The Financial Services Compensation Scheme (FSCS) has paid out nearly £2.7m to London Capital and Finance (LCF) investors, in the first claims paid by the service since the firm's collapse in January 2019.
The long-awaited payout is good news for 135 customers collectively holding 151 bonds who have received compensation, who received the payouts automatically without having to submit an application.
However, it's expected that tens of thousands of other investors will not be compensated for any losses due to complex rules around unregulated investments.
Here, Which? looks at what happened to LCF, explains what other investors that could be eligible for compensation need to do and why the majority of investors will miss out.
LCF offered mini-bonds offering tempting rates of return but went into administration in January last year.
The collapse saw nearly 12,000 people collectively lose £236m.
While the firm itself was authorised by the Financial Conduct Authority (FCA) to give financial advice, the sale of mini-bonds is not a regulated activity.
Unregulated investments are generally not protected in the same way as regulated savings and investments, and usually can't be recouped through the FSCS.
Investors who have so far been able to claim are those who transferred out of stocks and shares ISAs to invest in LCF bonds, which is considered a regulated activity.
The payments were made automatically by the FSCS without the need for the victims to apply.
The lifeboat fund won't be able to compensate 283 other victims, because they dealt with LCF before it was authorised to carry out financial services business in June 2016.
The LCF saga spurred the FCA last year to launch an independent investigation into regulatory issues raised after the collapse of the firm.
Last month, the regulator temporarily slammed the door on marketing some mini-bonds in a bid to protect savers.
Any LCF customer who hasn't received compensation from the FSCS by 24 February 2020, but believes they transferred out of a stocks and shares ISA, should send supporting evidence to the lifeboat fund.
But for the majority of investors, it's a waiting game to see if they will be compensated.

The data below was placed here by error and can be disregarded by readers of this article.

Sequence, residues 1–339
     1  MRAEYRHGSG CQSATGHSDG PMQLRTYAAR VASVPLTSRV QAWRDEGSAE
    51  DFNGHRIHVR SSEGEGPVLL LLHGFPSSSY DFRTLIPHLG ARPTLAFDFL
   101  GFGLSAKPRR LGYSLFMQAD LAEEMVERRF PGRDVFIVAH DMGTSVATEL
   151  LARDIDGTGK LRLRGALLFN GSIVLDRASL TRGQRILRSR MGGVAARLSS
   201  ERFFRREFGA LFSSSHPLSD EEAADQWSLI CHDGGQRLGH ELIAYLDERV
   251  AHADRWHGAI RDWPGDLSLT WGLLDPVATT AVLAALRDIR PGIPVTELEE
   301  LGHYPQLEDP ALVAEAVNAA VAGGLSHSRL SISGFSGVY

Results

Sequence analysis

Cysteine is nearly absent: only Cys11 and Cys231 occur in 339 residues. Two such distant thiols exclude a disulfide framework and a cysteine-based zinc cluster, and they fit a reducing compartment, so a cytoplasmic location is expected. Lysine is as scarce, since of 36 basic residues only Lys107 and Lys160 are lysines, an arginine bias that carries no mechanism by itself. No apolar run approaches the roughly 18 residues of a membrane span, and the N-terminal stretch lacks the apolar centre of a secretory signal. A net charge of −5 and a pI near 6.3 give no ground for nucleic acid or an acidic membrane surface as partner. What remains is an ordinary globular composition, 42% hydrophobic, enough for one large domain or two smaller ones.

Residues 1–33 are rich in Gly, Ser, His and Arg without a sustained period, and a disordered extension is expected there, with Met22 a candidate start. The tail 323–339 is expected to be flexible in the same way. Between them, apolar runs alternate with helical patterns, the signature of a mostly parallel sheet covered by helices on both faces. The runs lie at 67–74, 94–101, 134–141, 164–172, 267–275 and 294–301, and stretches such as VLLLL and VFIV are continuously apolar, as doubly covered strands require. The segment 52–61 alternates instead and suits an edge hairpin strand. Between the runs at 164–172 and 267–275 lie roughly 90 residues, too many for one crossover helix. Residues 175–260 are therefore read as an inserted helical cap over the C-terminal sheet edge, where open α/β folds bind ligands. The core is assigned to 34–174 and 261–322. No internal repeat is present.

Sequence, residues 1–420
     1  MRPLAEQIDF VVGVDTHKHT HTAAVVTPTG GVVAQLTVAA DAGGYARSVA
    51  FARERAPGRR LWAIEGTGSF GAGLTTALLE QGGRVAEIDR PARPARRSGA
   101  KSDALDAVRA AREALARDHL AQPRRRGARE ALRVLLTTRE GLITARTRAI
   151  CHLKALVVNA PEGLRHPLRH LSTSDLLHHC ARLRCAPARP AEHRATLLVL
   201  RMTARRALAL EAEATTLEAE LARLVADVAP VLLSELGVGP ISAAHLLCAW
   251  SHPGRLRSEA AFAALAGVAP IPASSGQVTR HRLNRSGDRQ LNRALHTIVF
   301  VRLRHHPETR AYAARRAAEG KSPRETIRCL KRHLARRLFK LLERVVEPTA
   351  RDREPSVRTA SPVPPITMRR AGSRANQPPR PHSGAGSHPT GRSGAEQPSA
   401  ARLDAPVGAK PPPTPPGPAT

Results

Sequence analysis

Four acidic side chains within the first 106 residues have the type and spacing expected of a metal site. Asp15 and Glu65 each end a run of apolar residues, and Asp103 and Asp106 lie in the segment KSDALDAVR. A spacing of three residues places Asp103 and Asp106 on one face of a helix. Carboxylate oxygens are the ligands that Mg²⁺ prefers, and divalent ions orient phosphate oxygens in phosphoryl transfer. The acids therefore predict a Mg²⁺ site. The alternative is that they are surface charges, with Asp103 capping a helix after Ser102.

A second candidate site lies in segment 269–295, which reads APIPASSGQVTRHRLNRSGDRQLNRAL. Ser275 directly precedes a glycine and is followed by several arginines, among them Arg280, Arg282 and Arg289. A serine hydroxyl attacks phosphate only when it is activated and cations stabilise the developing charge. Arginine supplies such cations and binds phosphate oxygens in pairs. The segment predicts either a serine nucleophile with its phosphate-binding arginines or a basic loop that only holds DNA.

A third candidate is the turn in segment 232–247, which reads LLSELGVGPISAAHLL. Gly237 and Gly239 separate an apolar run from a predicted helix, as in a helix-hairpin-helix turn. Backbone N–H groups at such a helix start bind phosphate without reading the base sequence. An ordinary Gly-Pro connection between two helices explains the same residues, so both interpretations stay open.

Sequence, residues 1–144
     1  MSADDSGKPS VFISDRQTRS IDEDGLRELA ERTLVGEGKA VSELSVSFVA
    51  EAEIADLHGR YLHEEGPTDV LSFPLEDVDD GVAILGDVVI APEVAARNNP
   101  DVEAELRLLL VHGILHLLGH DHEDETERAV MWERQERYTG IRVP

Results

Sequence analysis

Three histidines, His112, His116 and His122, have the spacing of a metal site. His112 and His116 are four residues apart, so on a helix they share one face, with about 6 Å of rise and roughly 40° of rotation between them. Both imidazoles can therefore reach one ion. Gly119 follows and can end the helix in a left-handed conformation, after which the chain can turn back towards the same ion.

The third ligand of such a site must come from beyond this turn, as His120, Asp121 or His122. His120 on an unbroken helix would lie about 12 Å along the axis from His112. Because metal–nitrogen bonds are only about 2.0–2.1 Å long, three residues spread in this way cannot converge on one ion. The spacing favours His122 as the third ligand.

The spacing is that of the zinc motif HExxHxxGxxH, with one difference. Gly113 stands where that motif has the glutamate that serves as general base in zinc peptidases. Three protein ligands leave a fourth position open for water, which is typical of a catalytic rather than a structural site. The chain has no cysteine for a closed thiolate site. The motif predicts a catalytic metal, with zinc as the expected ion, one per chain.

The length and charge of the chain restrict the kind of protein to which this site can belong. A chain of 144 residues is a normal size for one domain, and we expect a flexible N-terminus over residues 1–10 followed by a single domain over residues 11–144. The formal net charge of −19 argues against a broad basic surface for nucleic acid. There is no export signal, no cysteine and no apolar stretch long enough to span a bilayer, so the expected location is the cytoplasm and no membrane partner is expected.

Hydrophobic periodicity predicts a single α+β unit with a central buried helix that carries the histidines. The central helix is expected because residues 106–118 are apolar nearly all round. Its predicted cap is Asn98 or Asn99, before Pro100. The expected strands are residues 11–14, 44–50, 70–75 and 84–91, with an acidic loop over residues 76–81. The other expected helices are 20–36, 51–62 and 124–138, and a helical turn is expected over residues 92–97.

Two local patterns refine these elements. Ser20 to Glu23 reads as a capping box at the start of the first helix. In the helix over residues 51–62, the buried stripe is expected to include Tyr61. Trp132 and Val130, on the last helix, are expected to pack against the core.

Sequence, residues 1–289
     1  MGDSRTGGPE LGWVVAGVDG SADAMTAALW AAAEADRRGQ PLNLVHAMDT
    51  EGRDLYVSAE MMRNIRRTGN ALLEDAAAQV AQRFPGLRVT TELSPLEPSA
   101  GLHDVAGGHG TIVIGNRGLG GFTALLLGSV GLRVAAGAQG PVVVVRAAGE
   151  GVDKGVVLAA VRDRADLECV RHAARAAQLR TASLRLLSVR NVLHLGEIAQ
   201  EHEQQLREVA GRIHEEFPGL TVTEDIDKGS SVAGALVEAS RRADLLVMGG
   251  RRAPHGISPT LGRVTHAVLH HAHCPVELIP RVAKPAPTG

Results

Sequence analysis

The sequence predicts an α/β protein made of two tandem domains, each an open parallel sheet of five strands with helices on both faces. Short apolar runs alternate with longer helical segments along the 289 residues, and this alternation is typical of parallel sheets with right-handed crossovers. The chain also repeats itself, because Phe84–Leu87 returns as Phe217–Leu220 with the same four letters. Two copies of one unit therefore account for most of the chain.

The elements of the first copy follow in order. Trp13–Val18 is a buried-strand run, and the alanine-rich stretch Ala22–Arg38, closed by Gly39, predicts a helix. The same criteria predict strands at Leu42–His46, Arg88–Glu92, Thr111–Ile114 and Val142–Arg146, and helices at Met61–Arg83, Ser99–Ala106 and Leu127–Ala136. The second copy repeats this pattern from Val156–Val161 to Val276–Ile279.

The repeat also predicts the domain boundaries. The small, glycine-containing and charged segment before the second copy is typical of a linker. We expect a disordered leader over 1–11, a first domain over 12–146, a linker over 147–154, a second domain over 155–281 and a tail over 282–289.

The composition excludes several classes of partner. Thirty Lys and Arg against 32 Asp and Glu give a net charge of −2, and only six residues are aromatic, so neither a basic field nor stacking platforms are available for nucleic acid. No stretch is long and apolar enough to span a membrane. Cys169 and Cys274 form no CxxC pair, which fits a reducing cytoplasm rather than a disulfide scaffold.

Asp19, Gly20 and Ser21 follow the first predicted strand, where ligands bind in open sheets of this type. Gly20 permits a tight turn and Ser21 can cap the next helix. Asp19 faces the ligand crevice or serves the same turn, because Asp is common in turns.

The FSCS also said there will be other customers who were given 'misleading' advice by LCF, which is a valid claim for FSCS compensation. But at this stage, customers don't need to make a claim.
The body expects to have reviewed all of the cases by the end of March 2020.
The FSCS offers up to £85,000 in compensation per person, per firm, if investment providers fail. If the failure occurred before 1 April 2019, the limit is £50,000.
Both the provider and the firm itself must be regulated by the FCA.
Regulated investments include:
If you're investing for retirement, for example, there's a decent chance you'll exceed the cover limit of £85,000 per firm but this doesn't necessarily mean you'll lose everything above the amount if the company collapses.
This is because when you invest through a broker, your money will be held separately in what's known as a 'nominee account', which can't be touched by creditors.
Unfortunately, there's no FSCS protection for your investments if they perform badly unless it resulted from bad advice given by a regulated independent financial adviser (IFA), which will be the case for some LCF investors.
When dealt with such cases, the FSCS analyses the recommendations that the IFA provided in its suitability report, as well as any further relevant documentation such as email chains and phone call transcripts.
It's also important to know that the FSCS will only consider compensation against providers and IFAs that are no longer operating.
If the complaint relates to wrongdoing before 1 April 2019, the maximum compensation is £160,000. For complaints relating to issues after this date, the maximum is £350,000. This limit will rise in line with inflation each year.
Mini-bonds typically offer bumper returns but come with a much higher risk and very little protection.
Whatever the rate on offer they are usually issued by smaller companies and start-ups who may find it harder to raise money from institutional investors like banks.
These types of firms are more likely to face cash-flow issues that delay interest payments, or the company could go bust and be unable to pay back money to investors, as seen with LCF.
But it's not just LCF investors who have lost money by investing in mini-bonds. Other high profile cases have also seen people lose their savings.
For example, in 2018 Mexican food chain, Chilango, issued a mini-bond giving investors the chance to earn interest of 8% as well as a number of perks, including free burritos, to fund its business activities.
Hundreds of people invested over £3.7m into its mini-bonds, but last year it came to light that the chain is struggling to stay afloat.
Before Christmas investors were given the option of either receiving 10p in every £1 they invested or swapping their mini-bond debts for debt-like shares, which promised returns sometime in the future - but this is not guaranteed.
Mini-bonds aren't the only investments excluded from FSCS compensation rules.
Other investments which aren't covered include:
These investments are very high risk and are often subject to scams.
Even if you see an FSCS logo, don't think it's legitimate. Websites offering fake investments are becoming more common, with many claiming FCA regulation and FSCS cover that doesn't exist.
In an update last week, the FSCS said bondholders should be wary of messages inviting them to discuss LCF compensation.
It said such messages are being sent through various online and mobile platforms and targeted at consumers who might be eligible for a claim.
We advise you to not respond to these messages, which may come through on: